The so-called iPhone 4G prototype, reportedly lost at a bar in California and then dissected in a now-infamous post by tech blog Gizmodo, offers some hints as to Apple's thinking in realms such as video social networking. Meanwhile, a Daring Fireball post suggests that, based on the barcode on the device, the dissected unit could be very close to the final version of the next-generation iPhone. The Apple engineer who allegedly lost the device has been offered a free trip to Germany to drown his sorrows.
What lessons can be learned from Apple's supposed loss of an iPhone
prototype, besides, "Never let one of your software engineers get smashed
and accidentally leave a prototype on a bar stool?"
If the device reportedly found in a German beer garden north of San Jose,
Calif., and carefully dissected by tech
April 19, has the same hardware features as the final version
of the next-generation iPhone, then Apple is joining much of the rest of the
tech industry in seeing video conferencing and social networking as the future
for both consumers and business.
That's because the device contains not only a large camera on its back, but
also what Gizmodo described as a "front-facing video chat camera." To
at least one analyst, that can only mean one thing.
"We think Apple will spice up the [next] iPhone announcement with
services that leverage its front-facing video camera," Ezra Gottheil, an
analyst with Technology Business Research, wrote
in an April 21 research note.
"There is a market opportunity for a
network platform for video social networking, gaming and conferencing that
Apple could address with its distinctive software and design
Gottheil added, "By providing critical applications and a platform for
third-party development, Apple could create a compelling and very sticky
An emphasis on video would dovetail neatly with Apple's building of a
massive data center in Maiden, N.C. The sheer size of that facility,
reportedly encompassing 500,000 square feet, suggests that the company is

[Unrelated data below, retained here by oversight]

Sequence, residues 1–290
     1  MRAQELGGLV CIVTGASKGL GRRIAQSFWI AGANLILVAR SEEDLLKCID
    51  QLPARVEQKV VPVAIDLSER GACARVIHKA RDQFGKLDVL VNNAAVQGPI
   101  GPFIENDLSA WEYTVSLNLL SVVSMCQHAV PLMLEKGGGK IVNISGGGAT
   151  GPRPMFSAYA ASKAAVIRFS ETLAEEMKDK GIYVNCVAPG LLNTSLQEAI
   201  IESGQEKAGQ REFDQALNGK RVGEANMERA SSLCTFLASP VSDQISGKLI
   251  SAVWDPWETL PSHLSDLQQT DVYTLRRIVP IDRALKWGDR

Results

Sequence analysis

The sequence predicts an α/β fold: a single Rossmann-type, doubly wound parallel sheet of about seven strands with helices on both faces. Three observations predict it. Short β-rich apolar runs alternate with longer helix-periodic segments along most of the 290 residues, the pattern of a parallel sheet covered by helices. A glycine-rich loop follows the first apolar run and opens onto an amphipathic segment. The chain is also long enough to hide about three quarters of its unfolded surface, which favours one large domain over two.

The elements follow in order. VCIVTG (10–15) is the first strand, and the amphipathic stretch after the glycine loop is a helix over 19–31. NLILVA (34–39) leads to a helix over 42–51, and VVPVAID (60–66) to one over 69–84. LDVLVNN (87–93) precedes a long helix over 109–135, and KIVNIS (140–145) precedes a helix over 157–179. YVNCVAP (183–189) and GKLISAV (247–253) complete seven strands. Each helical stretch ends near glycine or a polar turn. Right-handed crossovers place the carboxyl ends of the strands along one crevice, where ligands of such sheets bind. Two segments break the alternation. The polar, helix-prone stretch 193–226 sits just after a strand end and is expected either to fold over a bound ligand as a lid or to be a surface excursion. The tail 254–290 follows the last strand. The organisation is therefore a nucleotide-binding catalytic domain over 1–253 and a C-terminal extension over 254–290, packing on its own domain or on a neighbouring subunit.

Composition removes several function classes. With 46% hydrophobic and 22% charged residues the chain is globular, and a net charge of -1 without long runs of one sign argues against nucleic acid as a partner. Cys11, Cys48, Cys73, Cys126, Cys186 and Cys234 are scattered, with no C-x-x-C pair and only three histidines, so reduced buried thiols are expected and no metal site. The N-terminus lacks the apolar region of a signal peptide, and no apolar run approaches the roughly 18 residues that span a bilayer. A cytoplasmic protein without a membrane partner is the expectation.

gearing up for an extremely data-intensive set of initiatives-such as streaming
video for large numbers of users.
Other reported features of what the media has taken to calling the
"iPhone 4G," including the higher-resolution display, smaller battery
and secondary mic for noise cancellation, all seem like the natural evolution
of the device. The use of a Micro-SIM could
be in the interest of design and space. On the software side of things, Apple's
upcoming iPhone OS 4 will include multitasking,
something that previous
versions of the device have lacked, and a way for Apple to better compete with
the multitasking-friendly Google Android operating system.
One question that lingers about the whole affair is how a top-secret device,
designed by a company that reportedly rivals the CIA
in security and paranoia, managed to end up on a beer-soaked barstool in the
first place. The incongruity of that event, of course, led many in the online
community to opine-loudly-that the whole "loss" was deliberately
staged by Apple in order to generate buzz months before the next iPhone's
That would be out of character for Apple, which has a reputation for
revealing devices only through carefully controlled events. One blogger with
connections at Apple wrote that the iPhone's escape into the wild was simply a
case of colossally bad luck and nothing more.
"Starting a few weeks ago, some number of iPhone engineers, who because
of the nature of their work were already familiar with the details of Apple's
next-generation iPhone, were authorized to begin using late preproduction units
outside of Apple's campus," wrote John Gruber, who runs the Apple-centric
"Strict provisos govern such units. They must remain in
cases designed to render them indistinguishable, at a glance, from an (encased)
iPhone 3G/3GS. Such units are not allowed to be demonstrated or revealed to
Gruber said he believes, based on the "N90_DVT_GE4X_0493" barcode
attached to the infamous unit, that Gizmodo dissected a version of the
smartphone very close to the finished product: "'DVT' stands for 'design
verification test,' an Apple production milestone," Gruber wrote in an
April 22 post. "The DVT milestone is very late in the game; based on this,
I now believe that this unit very closely, if not exactly, resembles what Apple
plans to release."
No word has leaked about what may happen to the Apple software engineer who
reportedly lost the device. However, Lufthansa is offering him a free business-class
ticket to Munich, according to an
open letter from the airline published on Gawker,
where presumably he can
drown his sorrows in more beer.